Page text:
This article possibly contains original research. (October 2018)
The Palmtex Portable Videogame System (PVS), later renamed and released as the Super Micro and distributed under the Home Computer Software name, is a handheld game console developed and manufactured by Palmtex, released in 1984.
|Also known as||PVS Command Console|
|Type||Handheld game console|
|Introductory price||US$59.95 (Deluxe Pack)
US$39.95 (Console) US$19.95 (LightPak)US$14.95 (Game)
|Units shipped||Fewer than 37,200|
|Media||4k ROM cartridge|
|Memory||2k RAM (inside cartridge)|
|Display||LCD 32x16 57.15×38.1 mm|
|Input||R/M/P/A/B/C buttons, 2 8-directional D-pads, contrast dial, power switch|
|Power||6 x AA batteries (4 x console / 2 x LightPak)|
The system is widely known and referred to as the Palmtex Super Micro, due to the fact that when the console was re-branded, the Palmtex logo could still be found on the console, alongside Super Micro. However, Palmtex dropped its name from the packaging and promotional materials, in favor of its business partner, making its retail name the Home Computer Software Super Micro.
It had a number of quality and design issues. Only three games are known to have been released, it is possible that only one or more factory runs were made, and the existing units were liquidated and later sold through mail order with little to no advertising. As a result, it is now a rare collectible system, although working units are still extremely prone to breaking with normal use.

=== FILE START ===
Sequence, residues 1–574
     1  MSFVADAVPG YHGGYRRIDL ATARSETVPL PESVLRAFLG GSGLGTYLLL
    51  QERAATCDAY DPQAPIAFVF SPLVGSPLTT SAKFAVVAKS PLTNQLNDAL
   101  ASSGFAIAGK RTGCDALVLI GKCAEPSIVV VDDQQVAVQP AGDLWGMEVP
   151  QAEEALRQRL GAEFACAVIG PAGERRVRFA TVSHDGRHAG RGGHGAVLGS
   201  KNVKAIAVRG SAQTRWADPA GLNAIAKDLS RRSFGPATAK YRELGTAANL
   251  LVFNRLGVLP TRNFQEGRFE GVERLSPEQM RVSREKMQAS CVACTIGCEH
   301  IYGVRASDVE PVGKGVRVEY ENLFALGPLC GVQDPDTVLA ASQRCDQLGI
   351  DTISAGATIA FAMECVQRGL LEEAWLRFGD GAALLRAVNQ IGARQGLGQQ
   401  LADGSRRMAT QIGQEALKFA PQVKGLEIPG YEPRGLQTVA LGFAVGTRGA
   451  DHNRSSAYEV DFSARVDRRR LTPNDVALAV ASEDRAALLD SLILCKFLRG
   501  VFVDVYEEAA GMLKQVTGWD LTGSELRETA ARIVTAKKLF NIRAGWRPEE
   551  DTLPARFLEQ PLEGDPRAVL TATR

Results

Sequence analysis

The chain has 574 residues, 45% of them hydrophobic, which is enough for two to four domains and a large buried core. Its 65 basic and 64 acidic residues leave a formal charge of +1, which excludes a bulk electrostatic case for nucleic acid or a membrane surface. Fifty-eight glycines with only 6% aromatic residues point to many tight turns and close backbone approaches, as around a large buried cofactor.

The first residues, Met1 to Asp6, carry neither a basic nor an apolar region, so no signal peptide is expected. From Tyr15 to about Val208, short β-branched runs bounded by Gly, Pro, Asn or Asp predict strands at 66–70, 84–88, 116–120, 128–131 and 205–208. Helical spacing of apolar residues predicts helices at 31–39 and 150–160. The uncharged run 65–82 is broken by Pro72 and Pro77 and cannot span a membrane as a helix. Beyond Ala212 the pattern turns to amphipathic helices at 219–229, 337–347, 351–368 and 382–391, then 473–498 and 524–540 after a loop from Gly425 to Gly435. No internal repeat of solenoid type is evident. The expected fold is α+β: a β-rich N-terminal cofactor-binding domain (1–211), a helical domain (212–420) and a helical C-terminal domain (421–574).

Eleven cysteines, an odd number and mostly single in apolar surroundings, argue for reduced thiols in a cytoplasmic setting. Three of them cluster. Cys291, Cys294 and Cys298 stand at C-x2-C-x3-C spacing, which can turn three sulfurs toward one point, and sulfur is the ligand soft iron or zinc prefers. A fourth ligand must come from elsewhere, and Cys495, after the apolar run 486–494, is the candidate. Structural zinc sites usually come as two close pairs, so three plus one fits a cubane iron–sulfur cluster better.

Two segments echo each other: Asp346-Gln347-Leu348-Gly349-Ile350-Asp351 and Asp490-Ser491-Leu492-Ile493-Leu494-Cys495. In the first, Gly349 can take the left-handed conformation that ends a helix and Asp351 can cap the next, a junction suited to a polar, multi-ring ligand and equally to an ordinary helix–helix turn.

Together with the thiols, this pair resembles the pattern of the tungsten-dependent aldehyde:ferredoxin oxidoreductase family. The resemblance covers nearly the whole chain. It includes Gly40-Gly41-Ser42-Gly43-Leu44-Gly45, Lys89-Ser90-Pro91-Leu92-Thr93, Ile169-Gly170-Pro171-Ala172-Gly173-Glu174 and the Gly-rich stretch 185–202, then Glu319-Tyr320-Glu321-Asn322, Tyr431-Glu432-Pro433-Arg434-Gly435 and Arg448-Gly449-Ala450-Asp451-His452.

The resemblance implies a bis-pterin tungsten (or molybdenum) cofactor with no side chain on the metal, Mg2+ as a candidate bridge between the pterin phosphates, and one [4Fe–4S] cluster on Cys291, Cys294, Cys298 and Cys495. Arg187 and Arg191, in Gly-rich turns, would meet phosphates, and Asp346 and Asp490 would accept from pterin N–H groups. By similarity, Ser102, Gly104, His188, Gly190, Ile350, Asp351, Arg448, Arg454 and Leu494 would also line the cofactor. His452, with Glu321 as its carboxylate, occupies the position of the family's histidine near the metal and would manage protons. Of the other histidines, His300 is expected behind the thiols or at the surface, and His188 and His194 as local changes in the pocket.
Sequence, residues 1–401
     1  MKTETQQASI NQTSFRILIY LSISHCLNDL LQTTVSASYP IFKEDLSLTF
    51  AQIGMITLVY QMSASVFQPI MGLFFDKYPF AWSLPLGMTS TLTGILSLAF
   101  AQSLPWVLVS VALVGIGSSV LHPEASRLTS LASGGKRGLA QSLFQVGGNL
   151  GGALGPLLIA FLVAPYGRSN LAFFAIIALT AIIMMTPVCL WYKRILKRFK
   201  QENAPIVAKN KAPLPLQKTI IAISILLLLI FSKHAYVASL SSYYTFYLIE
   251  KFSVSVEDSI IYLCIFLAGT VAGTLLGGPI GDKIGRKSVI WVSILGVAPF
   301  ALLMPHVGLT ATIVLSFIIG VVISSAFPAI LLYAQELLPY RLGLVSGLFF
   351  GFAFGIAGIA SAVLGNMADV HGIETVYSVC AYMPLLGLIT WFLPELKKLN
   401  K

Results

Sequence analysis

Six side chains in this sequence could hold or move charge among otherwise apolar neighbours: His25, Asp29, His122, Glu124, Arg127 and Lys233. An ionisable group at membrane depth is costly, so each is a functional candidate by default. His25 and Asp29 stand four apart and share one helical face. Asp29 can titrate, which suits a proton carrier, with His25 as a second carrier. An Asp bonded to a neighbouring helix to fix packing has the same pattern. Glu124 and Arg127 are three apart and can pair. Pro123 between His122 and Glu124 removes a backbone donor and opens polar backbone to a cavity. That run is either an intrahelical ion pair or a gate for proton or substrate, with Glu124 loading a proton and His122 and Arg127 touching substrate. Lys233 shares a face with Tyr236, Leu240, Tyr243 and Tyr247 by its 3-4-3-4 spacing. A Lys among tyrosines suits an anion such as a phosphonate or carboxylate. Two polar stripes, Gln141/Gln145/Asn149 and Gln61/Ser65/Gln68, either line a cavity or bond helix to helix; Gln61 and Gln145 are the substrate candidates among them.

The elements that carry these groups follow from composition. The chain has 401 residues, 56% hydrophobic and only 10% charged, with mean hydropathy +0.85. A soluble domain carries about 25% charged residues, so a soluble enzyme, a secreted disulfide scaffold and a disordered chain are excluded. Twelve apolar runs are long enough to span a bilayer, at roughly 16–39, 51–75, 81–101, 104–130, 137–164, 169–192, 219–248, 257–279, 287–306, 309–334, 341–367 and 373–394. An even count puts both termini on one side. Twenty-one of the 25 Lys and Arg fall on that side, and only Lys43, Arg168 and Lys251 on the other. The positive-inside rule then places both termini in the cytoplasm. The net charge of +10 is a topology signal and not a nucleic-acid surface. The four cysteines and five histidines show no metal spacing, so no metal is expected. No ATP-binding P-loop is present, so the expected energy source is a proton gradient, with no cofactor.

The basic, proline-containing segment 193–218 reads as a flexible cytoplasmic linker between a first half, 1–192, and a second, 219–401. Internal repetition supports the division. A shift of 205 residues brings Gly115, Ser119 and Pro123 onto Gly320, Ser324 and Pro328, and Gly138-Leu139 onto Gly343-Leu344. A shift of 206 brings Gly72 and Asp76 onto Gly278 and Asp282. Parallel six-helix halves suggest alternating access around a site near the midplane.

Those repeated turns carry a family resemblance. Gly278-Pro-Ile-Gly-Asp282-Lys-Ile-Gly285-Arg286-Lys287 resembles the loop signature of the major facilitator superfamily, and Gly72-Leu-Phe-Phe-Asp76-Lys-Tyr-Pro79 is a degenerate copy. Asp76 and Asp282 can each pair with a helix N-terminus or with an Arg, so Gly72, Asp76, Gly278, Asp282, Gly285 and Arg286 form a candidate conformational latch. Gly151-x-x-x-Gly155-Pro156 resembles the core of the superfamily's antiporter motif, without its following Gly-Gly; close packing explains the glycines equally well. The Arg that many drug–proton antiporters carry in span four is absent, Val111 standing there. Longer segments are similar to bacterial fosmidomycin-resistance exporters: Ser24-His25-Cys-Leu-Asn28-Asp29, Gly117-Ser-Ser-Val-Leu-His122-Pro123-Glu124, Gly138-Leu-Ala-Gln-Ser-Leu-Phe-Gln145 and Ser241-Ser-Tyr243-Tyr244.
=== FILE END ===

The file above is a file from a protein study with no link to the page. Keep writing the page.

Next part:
Two different companies were involved with the console: Palmtex, who developed, manufactured and distributed it, and Home Computer Software, who developed its games.
- Palmtex Inc. was registered on November 12, 1980 in San Francisco, California.
- Home Computer Software Inc. was registered on January 14, 1983, in Sunnyvale, California. It recorded and distributed software on floppy diskettes.
The company started with Esmail Amid-Hozour, a businessman that came to the United States in the early 80s. When looking for new business opportunities, he found electronic games, which were becoming popular in Japan, most notably the Game & Watch handhelds manufactured by Nintendo. He later managed to make a deal with Nintendo, who helped him import 300 handhelds to the US for a test market. The response was positive, and the units were sold without much trouble. Seeing this, Amid-Hozour founded Palmtex on March 22, 1982, which became the first company to distribute Nintendo consoles in the US. The handhelds distributed by the company were Fire Attack, Parachute and Turtle Bridge, with a later release adding Octopus, Donkey Kong and Snoopy Tennis.
Seeing the success of the Nintendo handhelds, the company began importing other handhelds like the Tri-Screen Time & Fun series by VTech to the United States. While the Game & Watch handhelds had normal Nintendo branding and packaging, the ones from VTech were re-branded to exclude the company's name from the console and packaging in favor of Palmtex.
At the end of 1982, the demand and sales of electronic handhelds was at its peak, so Palmtex decided to create their own video game system.
On January 30, 1983, Palmtex announced the PVS, meaning "Palmsized Videogame System", making mention of its interchangeable cartridges, 3D effects due to several layers of glass providing depth, color graphics, sound control, and the inclusion of a pause button. The unit retailed for $30, while additional games were $20. It was described as a "dramatic design breakthrough" for handheld games.